Business Banker

A business banker helps a bank or other lending institution find companies in need of financing.

Business bankers contact businesses and firms to determine whether they might be interested in pursuing a loan; the desired sum may go toward purchasing new real estate, opening a new location, or any number of business reasons.

The business banker’s goal is to convince a company to borrow money from the bank or lending institution he or she represents; the banker will then guide the applicant through the lending process. They are vital in bringing in new revenue for banks, and often travel to client locations to maintain the lending relationships.

Business bankers must have a strong grasp of business and finance principles as well as excellent communication skills as salespeople.

Degrees for Business Bankers

Business bankers usually must have a bachelor’s degree in economics, finance, or related subject. As their clients are commercial in nature, business bankers should have a good command of the business world, including basic accounting procedures. A master’s degree in business administration (MBA) may also be helpful.

Employers prefer business bankers who have prior experience in the banking, lending, or sales industries as these are all skills vital to success in this field.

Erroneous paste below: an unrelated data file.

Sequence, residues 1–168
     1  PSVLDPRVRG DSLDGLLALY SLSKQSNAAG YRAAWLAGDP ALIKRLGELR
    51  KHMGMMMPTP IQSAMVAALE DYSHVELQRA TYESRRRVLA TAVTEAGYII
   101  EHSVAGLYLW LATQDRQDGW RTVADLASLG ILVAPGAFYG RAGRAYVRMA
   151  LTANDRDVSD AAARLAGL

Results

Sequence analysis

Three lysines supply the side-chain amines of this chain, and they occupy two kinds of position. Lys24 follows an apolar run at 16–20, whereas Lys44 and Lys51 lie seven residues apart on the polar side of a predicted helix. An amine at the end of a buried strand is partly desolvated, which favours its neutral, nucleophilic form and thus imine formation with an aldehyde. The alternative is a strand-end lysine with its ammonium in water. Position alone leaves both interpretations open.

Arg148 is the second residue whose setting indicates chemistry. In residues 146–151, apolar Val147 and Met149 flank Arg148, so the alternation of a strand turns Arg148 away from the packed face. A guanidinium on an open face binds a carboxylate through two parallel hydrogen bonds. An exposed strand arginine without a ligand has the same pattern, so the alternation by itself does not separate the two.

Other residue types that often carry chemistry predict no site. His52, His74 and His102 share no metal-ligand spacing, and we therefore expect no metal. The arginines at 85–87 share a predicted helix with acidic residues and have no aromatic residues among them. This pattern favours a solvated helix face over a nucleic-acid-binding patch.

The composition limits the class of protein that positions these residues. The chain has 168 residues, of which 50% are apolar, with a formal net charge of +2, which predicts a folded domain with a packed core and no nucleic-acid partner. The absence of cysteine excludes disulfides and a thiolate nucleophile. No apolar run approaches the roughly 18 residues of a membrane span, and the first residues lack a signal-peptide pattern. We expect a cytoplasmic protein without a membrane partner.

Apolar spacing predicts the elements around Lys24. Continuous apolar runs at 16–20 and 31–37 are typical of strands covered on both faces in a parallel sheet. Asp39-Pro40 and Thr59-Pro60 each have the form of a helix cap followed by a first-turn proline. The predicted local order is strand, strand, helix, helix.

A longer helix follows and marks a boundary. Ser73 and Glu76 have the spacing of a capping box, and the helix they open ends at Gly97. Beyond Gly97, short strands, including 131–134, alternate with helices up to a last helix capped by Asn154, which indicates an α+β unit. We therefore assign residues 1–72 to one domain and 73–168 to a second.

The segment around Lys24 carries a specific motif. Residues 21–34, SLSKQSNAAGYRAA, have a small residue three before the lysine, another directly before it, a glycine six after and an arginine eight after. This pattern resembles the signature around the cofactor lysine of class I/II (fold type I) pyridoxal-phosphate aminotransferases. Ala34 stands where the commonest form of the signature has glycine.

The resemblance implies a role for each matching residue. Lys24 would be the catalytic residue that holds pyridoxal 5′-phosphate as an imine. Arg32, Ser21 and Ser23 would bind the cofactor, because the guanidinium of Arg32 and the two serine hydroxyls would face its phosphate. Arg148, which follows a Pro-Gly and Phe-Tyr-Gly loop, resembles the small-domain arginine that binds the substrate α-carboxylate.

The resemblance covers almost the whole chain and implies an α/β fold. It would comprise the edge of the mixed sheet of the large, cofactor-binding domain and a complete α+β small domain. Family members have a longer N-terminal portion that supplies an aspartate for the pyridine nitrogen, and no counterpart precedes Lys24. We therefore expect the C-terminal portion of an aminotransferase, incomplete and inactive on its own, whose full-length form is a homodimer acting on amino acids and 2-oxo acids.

Business bankers do not need to be licensed, although certification or specialized training can make a job candidate more attractive to an employer. Membership in a professional organization such as the American Bankers Association can also boost a candidate’s resume.

Business Banker Salary*

The Bureau of Labor Statistics reports that in 2008 loan officers made median annual wages of $54,700; the middle 50% percent made between $39,710 and $76,860.

The U.S. Department of Labor expects “about as fast as average” employment growth for loan officers. One of the factors that should affect job prospects is the increased use of the Internet by borrowers; as more people find and complete forms online, the less need there will be for loan officers to handle the applications.

*Source: U.S. Bureau of Labor Statistics

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